After the age of 14, the temperament would still predominate but the child should be integrating the four "members" (physical, etheric, astral, and Ego) and thus should be sort of "outgrowing" their original temperament. Ideally the adult is a nice balance of all four temperaments with none dominating in an observable fashion.
There is lots more to the legends and lore of temperaments, of course — that's just a skeletal structure of how it works. Each "age" of a person's life also has a corresponding temperament, for instance, IIRC childhood should be "sanguine" in general. Eras of history have corresponding temperaments, etc. 
In addition to classifying people by temperament,
Steiner affirmed other faulty approaches, such as studying
the shape and size of skulls: phrenology.
As he often did with occult subjects, he claimed that
phrenology as commonly practiced is wrong
but that a correct and reliable version is possible —
and could be explicated by you-know-who.
In fact, however, no form of phrenology is valid.
[Image from Terence Hines' PSEUDOSCIENCE AND THE PARANORMAL
(Prometheus Books, 2003).]
"Phrenology - the study of the conformation of the skull as indicative of mental faculties and traits of character ...
Phrenology enjoyed great popular appeal well into the 20th century but was wholly discredited by scientific research."
— "phrenology." ENCYCLOPÆDIA BRITANNICA, Online, 11 Jul. 2010.
“Although there will always be a great deal to be said against the charlatan phrenology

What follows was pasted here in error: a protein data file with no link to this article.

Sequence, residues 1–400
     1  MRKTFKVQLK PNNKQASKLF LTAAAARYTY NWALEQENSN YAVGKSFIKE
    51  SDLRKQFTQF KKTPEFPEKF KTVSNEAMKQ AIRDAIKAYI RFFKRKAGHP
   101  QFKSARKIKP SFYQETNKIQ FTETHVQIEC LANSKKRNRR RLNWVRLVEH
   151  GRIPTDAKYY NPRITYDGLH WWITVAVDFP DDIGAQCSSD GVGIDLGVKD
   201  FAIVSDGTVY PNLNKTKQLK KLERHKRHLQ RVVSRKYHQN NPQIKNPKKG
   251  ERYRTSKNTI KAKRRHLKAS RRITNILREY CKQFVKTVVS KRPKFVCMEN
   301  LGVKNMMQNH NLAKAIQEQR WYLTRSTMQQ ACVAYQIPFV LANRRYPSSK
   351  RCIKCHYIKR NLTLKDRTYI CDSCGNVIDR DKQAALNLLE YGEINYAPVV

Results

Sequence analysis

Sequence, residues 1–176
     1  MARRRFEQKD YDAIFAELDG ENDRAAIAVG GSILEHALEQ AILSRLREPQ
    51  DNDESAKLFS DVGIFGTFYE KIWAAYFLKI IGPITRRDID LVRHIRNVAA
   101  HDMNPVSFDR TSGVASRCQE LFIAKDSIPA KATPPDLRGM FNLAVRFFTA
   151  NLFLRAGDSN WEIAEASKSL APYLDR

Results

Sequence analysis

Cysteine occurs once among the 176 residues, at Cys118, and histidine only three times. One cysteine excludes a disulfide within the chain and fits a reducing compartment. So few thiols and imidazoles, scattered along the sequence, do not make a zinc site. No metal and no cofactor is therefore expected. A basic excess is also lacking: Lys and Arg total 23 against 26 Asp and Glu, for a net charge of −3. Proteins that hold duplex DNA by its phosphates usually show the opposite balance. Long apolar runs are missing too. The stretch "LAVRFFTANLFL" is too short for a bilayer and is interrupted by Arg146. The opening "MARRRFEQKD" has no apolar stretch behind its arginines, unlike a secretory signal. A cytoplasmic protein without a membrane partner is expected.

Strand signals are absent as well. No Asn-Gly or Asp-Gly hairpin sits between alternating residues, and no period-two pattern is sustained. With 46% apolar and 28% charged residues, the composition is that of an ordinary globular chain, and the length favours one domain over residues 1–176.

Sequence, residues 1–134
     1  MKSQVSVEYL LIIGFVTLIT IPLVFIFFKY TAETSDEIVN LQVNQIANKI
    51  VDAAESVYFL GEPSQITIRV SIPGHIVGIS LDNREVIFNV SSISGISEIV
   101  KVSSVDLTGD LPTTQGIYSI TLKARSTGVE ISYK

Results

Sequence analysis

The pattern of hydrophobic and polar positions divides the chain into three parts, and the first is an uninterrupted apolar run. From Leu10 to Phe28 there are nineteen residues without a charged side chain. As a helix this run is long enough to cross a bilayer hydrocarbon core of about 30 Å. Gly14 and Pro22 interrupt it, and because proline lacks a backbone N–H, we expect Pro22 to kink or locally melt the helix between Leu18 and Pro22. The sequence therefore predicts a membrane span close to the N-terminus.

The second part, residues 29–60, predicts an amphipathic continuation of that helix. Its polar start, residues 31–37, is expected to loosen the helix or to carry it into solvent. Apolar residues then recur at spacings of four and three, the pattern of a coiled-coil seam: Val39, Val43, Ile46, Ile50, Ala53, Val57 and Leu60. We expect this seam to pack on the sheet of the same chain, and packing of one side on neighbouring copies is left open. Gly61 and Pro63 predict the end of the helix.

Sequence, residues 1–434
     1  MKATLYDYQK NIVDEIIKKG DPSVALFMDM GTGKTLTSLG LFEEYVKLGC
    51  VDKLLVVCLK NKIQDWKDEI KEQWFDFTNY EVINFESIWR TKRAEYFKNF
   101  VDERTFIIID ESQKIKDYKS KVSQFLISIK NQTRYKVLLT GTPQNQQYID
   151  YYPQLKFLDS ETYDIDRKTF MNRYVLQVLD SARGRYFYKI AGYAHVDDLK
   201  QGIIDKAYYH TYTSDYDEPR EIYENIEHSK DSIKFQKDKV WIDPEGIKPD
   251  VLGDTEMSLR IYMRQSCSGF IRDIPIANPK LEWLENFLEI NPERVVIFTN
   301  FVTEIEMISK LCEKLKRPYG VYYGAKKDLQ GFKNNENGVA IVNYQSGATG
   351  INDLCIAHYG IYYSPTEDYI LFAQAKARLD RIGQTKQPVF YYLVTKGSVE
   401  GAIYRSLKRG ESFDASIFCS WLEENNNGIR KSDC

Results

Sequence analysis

that is commonly practised, a genuine phrenology really should be studied by anyone
who wants to form his conclusions correctly about moral defects.
For it is indeed most interesting to see how moral defects which are connected with karma
are forces of such strength that they manifest themselves quite inevitably
in deformations of the physical organism.”
— Rudolf Steiner, EDUCATION FOR SPECIAL NEEDS (Rudolf Steiner Press, 1999), p. 68.
[R. R., 2010].
SIX FACTS ABOUT STEINER EDUCATION
Some illustrations on each page here at Waldorf Watch
are closely connected to the essay on that page;
others are not — they provide general context.
 Hermann von Baravalle, WALDORF EDUCATION FOR AMERICA (Parker Courtney Press, 1998).
 Ibid., pp. 97-98.
 Ibid., p. 97.
 Ibid., p. 102.
 See Mark Grant, “Steiner and the Humours: The Survival of Ancient Greek Science,” British Journal of Educational Studies, Mar. 1999.
 WALDORF EDUCATION FOR AMERICA, p.103.
 Ibid., p. 102.